I once had a Kenyan teacher from a small town outside of Nairobi. He told me a story from his childhood that has remained with me for years. The moral of the story has remained in my mind in spite of its simpleness, likely because it made me realize the difference between educating a child on right and wrong and just punishing them without reason. I tell this story as if I were my teacher talking.
A Kenyan Boy
I remember once in my life when I was a very small boy. In Kenya, I used to play in the streets with my friend Joseph. We were the best of friends and spent our afternoons playing in the fields and streets with whatever we could find. In my town, there was not too much to do so we had to be creative with our games. We would use anything we could find: sticks, rocks, toys, balls.
One day, Joseph and I decided to deflate some of the tires on the cars in our town. Joseph had showed me how easy it was to do. You just had to remove the cap from the tire inflation nozzle then use a small stick to press the pin to release the air. It took just a few minutes and a tire would be completely flat. We found it to be quite entertaining and we did this to several cars. As our new game became old our attention waned with the orange African sun as it lowered into the deep afternoon, we parted ways and made for our homes.
Upon arriving home, I was greeted as usual by my father and mother. Father had just returned from work. As we sat to eat our dinner, I underwent the usual daily questions from my parents inquiring to my afternoon activities. I sat, overwhelmed with guilt, for the tires that we had deflated as deep down, I knew we were wrong. I confessed my wrongdoings before them.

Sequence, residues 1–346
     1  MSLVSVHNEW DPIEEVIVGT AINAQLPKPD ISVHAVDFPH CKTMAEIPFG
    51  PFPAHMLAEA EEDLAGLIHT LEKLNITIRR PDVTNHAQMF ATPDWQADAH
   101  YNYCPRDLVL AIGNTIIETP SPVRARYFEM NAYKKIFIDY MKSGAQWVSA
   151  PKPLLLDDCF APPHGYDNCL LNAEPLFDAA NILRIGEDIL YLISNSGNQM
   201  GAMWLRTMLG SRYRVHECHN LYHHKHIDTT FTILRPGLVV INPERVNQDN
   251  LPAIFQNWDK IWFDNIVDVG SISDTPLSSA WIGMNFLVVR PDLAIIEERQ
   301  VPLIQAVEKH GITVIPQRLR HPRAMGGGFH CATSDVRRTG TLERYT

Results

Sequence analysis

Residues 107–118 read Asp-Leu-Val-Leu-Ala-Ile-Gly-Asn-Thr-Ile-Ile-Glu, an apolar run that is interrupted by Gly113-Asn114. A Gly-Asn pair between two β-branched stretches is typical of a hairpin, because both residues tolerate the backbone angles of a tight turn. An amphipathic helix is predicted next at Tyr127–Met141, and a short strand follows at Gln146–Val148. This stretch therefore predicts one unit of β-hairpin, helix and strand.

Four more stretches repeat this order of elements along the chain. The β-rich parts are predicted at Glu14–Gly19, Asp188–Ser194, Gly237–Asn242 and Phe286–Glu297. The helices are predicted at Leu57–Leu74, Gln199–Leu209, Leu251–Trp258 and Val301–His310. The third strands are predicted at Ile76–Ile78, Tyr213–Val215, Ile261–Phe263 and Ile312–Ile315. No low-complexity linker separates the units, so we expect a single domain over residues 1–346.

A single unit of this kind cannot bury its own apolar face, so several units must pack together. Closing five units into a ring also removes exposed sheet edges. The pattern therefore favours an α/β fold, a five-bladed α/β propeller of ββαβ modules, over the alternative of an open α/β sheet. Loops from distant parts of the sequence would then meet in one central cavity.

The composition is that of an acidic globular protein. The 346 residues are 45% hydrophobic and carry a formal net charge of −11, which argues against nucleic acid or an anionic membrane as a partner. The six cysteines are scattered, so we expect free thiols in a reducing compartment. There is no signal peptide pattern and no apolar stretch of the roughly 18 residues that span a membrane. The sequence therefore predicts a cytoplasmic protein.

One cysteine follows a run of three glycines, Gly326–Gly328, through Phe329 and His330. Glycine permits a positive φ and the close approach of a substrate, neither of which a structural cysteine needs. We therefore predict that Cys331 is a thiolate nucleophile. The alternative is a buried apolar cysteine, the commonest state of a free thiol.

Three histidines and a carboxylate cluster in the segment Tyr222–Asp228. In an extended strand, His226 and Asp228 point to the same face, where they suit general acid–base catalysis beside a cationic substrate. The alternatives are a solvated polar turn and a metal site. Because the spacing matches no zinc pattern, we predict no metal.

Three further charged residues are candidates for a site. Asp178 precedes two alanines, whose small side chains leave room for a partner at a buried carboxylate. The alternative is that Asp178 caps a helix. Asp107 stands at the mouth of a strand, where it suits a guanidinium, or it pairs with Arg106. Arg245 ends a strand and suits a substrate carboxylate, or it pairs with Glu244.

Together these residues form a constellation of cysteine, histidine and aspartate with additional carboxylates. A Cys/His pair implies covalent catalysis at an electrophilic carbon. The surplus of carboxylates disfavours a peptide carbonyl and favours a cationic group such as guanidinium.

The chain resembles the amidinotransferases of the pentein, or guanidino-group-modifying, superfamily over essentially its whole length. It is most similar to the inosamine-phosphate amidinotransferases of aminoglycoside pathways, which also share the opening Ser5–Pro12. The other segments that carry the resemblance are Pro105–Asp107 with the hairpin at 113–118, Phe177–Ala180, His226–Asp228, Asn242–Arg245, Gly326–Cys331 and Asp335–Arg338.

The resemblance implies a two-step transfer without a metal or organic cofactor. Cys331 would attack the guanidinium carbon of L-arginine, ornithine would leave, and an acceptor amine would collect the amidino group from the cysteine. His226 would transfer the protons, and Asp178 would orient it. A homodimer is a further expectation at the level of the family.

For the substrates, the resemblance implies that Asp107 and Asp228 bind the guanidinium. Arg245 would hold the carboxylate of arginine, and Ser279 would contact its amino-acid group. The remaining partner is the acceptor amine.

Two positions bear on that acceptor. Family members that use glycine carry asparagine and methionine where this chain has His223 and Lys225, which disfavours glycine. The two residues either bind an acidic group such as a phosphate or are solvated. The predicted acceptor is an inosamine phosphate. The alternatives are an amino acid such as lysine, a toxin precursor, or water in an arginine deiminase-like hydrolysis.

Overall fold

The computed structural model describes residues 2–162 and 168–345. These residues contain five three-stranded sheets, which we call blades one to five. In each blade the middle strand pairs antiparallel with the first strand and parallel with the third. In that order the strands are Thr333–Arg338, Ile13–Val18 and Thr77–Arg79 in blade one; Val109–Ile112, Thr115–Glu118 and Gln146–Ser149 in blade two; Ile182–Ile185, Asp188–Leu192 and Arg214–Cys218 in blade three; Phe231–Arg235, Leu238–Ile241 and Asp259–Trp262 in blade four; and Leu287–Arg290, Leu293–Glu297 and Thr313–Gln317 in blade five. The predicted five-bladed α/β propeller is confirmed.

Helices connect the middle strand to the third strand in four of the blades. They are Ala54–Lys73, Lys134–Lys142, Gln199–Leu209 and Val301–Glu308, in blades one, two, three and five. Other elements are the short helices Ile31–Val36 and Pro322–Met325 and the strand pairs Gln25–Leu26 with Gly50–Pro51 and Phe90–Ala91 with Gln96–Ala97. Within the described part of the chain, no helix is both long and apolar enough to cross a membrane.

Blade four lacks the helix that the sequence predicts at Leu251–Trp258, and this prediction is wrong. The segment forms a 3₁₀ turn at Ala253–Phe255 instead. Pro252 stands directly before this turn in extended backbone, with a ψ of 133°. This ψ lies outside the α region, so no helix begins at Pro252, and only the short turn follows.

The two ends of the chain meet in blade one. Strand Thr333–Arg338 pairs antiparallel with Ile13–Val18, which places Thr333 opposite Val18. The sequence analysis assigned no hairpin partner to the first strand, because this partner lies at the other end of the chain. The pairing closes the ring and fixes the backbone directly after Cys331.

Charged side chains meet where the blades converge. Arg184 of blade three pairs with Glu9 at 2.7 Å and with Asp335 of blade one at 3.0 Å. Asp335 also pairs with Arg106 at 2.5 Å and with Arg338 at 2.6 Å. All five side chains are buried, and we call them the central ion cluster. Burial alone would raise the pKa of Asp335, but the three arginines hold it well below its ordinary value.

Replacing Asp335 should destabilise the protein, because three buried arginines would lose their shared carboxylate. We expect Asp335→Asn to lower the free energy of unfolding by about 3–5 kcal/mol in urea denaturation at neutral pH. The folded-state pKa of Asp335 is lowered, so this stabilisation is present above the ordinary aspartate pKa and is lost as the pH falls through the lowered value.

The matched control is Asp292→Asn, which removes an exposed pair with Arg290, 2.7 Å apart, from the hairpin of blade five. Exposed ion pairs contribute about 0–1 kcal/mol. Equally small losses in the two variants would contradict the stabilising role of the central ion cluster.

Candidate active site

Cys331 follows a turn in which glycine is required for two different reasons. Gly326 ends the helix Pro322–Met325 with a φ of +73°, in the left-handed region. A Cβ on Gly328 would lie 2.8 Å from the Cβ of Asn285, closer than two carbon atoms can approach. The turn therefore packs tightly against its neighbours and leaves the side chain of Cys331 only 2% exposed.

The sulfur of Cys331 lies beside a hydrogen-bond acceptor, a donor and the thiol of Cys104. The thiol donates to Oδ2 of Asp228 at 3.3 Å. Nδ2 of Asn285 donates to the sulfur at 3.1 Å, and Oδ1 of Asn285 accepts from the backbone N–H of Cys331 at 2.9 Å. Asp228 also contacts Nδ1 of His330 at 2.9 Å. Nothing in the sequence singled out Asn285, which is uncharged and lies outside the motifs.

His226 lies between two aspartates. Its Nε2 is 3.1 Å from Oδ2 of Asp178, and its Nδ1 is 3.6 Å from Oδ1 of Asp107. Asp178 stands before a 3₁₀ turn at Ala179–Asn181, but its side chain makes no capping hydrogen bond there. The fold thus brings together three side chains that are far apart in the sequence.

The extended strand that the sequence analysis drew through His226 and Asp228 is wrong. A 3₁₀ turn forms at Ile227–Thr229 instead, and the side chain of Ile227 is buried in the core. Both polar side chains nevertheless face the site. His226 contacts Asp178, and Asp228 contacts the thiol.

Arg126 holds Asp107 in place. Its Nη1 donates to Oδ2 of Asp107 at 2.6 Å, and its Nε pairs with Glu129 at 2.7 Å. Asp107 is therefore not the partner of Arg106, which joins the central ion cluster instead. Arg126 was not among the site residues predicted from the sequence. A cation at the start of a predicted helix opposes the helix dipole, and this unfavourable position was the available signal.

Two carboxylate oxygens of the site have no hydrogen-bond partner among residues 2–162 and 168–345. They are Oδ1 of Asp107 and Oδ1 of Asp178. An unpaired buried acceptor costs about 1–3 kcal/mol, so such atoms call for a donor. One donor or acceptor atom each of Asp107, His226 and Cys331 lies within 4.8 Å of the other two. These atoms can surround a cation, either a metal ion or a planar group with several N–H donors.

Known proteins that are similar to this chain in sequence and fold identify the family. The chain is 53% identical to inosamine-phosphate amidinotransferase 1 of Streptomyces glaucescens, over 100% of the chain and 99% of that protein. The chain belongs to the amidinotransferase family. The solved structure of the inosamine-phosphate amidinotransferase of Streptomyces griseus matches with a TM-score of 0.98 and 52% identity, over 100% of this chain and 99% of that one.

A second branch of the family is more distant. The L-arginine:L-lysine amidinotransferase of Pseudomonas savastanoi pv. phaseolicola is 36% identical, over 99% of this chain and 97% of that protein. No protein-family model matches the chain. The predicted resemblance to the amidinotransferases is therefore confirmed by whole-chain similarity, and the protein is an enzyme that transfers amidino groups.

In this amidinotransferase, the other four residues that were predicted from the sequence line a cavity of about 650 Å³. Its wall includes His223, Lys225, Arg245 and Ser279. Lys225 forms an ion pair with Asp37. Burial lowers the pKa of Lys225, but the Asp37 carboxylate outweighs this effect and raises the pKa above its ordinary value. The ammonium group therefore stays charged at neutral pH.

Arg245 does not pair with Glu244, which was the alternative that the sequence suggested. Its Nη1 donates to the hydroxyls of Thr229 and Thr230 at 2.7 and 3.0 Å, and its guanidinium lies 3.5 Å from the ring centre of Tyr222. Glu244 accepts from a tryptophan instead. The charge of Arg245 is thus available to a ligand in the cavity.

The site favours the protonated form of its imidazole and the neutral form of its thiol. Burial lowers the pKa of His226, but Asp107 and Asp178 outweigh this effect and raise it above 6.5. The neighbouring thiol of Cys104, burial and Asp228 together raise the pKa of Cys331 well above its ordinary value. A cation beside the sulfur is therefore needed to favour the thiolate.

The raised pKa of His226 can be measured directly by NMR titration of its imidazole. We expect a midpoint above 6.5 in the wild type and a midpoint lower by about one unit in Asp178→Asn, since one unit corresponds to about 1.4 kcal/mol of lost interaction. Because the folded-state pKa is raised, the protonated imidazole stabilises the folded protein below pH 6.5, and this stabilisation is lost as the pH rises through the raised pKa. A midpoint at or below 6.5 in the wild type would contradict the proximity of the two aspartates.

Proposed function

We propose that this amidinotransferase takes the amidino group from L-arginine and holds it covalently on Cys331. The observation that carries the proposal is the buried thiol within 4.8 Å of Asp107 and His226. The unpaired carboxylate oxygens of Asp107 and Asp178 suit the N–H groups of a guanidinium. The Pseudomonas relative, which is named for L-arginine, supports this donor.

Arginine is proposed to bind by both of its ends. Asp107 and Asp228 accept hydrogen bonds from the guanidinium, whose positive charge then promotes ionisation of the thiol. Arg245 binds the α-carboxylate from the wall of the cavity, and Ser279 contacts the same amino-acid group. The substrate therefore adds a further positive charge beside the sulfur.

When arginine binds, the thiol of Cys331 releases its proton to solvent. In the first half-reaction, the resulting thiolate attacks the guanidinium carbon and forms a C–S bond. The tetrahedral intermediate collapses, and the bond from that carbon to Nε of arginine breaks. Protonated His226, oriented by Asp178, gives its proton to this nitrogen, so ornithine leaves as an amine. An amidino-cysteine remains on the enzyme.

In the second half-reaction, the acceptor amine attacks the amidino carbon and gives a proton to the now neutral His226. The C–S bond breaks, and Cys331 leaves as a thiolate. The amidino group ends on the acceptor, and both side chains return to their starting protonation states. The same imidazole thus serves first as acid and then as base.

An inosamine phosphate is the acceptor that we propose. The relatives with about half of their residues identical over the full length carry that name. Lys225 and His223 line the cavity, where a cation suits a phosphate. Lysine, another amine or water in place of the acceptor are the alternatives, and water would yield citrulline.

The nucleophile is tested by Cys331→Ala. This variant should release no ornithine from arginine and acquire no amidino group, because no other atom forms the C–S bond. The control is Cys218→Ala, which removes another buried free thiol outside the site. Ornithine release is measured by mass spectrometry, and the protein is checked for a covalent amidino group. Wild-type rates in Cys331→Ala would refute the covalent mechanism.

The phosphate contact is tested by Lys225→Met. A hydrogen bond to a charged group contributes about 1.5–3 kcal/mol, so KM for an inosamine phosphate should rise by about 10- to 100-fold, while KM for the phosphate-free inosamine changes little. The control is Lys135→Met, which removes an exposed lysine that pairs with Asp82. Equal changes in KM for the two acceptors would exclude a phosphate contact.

Much to my surprise was my father’s reaction. He seemed upset, but he didn’t yell. He didn’t beat me. Instead, he took me to our car. He commanded, “Sit in the car; we will go for a drive.” We drove for a few minutes before my father spoke. He asked rhetorically, “Did you consider the inconvenience you caused to the drivers of those vehicles?” As we approached a stopping point in the road, my father parked the car and took me from it. He sat me down near the car and asked, “My son, did you enjoy that ride? Not having to walk or ride that entire distance. The amount of time it saved us? You must appreciate the things that you have been given in this world, for not everyone has the same conveniences that you enjoy daily. The car is able to move because of the good tires that hold it and gain traction on the ground. Without the tires, the car will go nowhere, and you will not have its use. What you did today was not only a great disrespect for another man’s property, but additionally a grave disservice to our community. You must respect what you have been given in life and never take it for granted.” My father then placed me back into the car and took me home.
The main thing that I took from this story had nothing to do with tires. I learned a great lesson about education from this teacher. There is a piece in the book 7 Habits of Highly Successful People by Stephen Covey that describes how Stephen and his wife realized that the best way to keep their kids from getting themselves into trouble was to educate them at the core, giving them moral and ethical backing for their decisions and not attacking the action itself. The action is never the root of the problem. Thus, this would give them an appreciation for their reason and thought process. I found these two stories to be parallel in this sense. What do you think? I’d love to hear your thoughts.
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